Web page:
Prevalence and contributing factors of severe perineal damage following episiotomy-assisted vaginal delivery
Taiwanese Journal of Obstetrics & Gynecology
Objective: This study was conducted to investigate the risk factors of third-and fourth-degree lacerations following vaginal deliveries in Taiwanese women, and to offer clinical guidance for the reduction of severe perineal lacerations. Materials and methods: A total of 1879 women who underwent vaginal deliveries assisted by midline episiotomy at a tertiary hospital were included. Obstetric risk factors were analyzed for women with and without third-and fourth-degree lacerations. Results: Two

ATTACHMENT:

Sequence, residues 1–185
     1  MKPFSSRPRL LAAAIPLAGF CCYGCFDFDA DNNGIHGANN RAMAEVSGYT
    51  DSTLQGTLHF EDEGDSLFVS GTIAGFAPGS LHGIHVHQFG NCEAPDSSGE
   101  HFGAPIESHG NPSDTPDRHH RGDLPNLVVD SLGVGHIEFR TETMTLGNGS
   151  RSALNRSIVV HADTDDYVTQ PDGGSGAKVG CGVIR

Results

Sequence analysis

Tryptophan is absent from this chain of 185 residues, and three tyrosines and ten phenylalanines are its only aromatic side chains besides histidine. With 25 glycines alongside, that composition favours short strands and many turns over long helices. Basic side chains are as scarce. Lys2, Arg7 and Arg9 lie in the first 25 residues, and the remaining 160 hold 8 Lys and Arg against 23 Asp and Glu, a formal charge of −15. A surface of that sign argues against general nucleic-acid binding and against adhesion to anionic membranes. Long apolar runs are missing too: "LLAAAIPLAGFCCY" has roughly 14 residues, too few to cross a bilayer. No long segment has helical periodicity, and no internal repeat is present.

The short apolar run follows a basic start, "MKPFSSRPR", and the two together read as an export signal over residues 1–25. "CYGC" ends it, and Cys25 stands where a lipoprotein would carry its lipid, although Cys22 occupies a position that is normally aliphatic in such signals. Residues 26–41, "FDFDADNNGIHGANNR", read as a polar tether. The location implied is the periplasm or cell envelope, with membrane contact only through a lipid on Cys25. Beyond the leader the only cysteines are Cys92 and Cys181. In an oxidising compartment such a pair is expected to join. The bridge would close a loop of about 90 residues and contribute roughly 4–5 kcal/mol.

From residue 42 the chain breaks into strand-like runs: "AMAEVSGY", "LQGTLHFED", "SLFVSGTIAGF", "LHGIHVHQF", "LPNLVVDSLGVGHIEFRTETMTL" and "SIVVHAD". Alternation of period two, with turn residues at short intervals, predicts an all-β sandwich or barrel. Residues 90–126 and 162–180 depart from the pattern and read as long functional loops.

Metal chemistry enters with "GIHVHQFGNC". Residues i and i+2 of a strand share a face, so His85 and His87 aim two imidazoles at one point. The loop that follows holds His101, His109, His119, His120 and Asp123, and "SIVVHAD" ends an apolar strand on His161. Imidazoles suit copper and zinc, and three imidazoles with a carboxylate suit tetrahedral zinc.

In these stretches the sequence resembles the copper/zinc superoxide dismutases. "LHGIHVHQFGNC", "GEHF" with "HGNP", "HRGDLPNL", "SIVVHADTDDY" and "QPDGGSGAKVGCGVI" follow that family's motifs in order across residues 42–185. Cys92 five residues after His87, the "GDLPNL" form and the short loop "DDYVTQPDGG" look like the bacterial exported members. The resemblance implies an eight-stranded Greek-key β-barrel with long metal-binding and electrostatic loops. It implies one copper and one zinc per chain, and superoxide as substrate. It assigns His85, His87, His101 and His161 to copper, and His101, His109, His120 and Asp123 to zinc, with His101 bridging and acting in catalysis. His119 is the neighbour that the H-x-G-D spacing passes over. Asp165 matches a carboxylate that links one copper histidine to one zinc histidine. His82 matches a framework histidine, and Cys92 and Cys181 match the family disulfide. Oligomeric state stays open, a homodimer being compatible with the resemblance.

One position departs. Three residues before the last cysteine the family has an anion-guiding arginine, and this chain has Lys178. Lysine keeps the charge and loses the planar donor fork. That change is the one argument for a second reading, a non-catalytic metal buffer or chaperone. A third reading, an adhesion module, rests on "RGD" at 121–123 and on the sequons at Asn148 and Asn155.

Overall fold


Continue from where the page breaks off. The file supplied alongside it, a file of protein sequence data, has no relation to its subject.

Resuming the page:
... ndred and five deliveries (10.9%) resulted in third-or fourth-degree lacerations. Parity, duration of first and second stages of labor, rate of instrument-assisted vaginal deliveries, the newborn's birth weight and head circumference, and the ratio of the newborn's birth weight to maternal body mass index were significantly different between women with and without severe perineal lacerations. Logistic regression demonstrated that nulliparity (odds ratio ¼ 3.626, p < 0.001), duration of second stage of labor (odds ratio ¼ 1.102, p ¼ 0.044), instrument-assisted vaginal delivery (odds ratio ¼ 4.102, p < 0.001), and newborn's head circumference (odds ratio ¼ 1.323, p < 0.001) were independent risk factors of severe perineal lacerations. Instrument-assisted vaginal delivery was a common independent risk factor for severe lacerations shared between primiparous and multiparous women. Conclusions: With regard to severe perineal lacerations during vaginal delivery, there are multiple obstetric contributory factors despite routine episiotomy, among them, nulliparity, longer labor duration, greater newborn head circumference, and instrument-assisted vaginal delivery. The latter should only be performed after careful evaluation.